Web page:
Don’t Stick to Your New Year’s Diet Resolution This Year

That’s right. I said “don’t” stick to your New Year’s resolution to maintain your diet. After all, if making a resolution to diet each January was effective, why hasn’t it worked for you yet? Obviously, you need to do something differently. You’ve heard time and again that doing the same thing and expecting different results is the definition of insanity. So now what?

2012 New Year’s Diet Resolution: Quit Dieting

Diets don’t work. Why? Because they’re temporary and restrictive. Period. Anything you stick to for only a short time will only work a short time, and that’s if you actually stick to it. Add in the fact that the kind of dieting you’re used to is restrictive and makes obsess over what you can’t have, and when your temporary diet is over then you overdo it. So why don’t you just resolve to get out of this cycle?

Train or Retrain Your Brain: Insight from NBC Reality TV

I’m an exercise physiologist and have been trained in detail about how the human body works to gain or lose weight. Still, it never ceases to amaze me what new things there are to discover or theories there are to see proven in real life. This past season of Biggest Loser demonstrated one principle that you’ll need to understand if you want to quit dieting for good. They visited a research facility that studied the response of the human brain to food.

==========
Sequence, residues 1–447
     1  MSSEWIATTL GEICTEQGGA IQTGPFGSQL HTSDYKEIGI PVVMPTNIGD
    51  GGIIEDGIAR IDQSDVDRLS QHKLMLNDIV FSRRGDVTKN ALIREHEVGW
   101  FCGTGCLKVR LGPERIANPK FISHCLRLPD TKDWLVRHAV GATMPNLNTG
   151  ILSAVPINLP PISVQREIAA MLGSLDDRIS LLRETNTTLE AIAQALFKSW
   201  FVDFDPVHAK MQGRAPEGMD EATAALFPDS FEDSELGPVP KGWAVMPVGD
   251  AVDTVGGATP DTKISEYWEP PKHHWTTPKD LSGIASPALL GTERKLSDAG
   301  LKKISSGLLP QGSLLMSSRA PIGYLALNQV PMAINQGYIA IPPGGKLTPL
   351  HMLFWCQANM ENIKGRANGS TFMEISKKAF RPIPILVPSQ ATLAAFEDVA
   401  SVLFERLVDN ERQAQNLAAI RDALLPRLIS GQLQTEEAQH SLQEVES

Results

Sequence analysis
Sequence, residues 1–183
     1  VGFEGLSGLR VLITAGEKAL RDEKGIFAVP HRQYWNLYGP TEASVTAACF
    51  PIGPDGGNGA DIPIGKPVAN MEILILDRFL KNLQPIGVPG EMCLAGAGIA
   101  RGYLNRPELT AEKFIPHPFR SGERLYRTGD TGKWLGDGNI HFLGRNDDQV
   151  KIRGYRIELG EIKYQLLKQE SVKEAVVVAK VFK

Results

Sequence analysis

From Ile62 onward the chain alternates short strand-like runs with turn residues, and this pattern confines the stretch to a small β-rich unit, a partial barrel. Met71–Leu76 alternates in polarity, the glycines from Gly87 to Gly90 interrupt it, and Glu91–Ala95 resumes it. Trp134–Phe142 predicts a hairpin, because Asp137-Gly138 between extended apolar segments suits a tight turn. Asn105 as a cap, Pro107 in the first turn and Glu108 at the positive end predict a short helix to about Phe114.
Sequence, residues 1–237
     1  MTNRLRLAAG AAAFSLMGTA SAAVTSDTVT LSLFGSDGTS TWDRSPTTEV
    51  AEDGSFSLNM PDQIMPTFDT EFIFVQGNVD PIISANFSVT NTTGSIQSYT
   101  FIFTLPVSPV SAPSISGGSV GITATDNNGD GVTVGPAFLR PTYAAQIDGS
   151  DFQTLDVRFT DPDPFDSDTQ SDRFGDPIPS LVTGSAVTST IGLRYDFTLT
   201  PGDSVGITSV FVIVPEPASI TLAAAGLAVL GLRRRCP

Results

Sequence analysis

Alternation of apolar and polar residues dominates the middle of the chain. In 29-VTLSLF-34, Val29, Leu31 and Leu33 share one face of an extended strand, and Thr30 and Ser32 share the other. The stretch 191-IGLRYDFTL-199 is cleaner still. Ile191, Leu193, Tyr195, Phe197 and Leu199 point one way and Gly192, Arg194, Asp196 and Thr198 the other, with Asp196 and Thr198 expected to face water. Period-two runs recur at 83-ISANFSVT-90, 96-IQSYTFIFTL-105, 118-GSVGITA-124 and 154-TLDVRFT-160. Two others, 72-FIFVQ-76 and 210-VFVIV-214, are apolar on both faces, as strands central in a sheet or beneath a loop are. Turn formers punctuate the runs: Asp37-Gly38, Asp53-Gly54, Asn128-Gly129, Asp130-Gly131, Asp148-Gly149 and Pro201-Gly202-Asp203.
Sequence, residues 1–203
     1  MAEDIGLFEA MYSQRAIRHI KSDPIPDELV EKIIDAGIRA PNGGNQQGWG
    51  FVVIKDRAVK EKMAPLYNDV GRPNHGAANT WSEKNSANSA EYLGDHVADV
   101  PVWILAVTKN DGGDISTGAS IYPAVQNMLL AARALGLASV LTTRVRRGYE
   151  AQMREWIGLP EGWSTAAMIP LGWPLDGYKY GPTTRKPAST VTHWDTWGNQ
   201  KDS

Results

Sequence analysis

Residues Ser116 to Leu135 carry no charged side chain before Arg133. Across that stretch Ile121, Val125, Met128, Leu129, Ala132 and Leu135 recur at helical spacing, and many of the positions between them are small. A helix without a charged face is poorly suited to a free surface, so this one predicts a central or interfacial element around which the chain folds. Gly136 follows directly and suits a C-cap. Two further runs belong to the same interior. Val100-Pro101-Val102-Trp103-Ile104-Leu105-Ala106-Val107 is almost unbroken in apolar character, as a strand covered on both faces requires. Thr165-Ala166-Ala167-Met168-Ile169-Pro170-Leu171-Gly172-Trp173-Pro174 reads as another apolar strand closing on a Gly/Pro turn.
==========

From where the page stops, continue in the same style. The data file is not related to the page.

When a person of normal or close to normal weight sees food, their brains responded with a low to modest hunger response. When they ate, their brains responded with a modest to high level of pleasure and satisfaction. Contrast this with the brain activity of an obese person. The more obese person saw food and had a much higher craving or hunger for it. However, they had to eat much more than the normal-size person to get the same amount of pleasure from the food. Eureka!

How This Principle Applies to Your Failed Diet Attempts

The underlying principle is the more healthy your diet is, the more healthy your diet is. In other words, eating a sensible diet in moderation begats more sensible eating. It trains your brain to want less food, reduce cravings, and enjoy the taste of healthier foods. The less you eat sugar, the more sweet things taste that contain sugar. Yet, the opposite is also true for sugar, salt and fat. That means if you slowly increase or decrease healthy or unhealthy foods in your diet, your brain (sense of taste, hunger response, satisfaction) become retrained according to your adjustments.

Ever cringe and wonder how “health nuts” enjoy the taste of their food? They eat things that you imagine to taste like paste and cardboard, right? The truth is that they very much enjoy the taste of these foods in the same way you enjoy fatty, sweet and salty foods. Eureka!

Write “Future Health Nut” On Your Forehead Right Now!

This means there’s hope for you. You can become a person that actually craves carrot sticks and hummus for a snack instead of potato chips, simply by gradually reducing unhealthy foods while simultaneously increasing healthier ones. That’s it. That’s the trick. But it’s really no trick. It’s called lifestyle change and it works.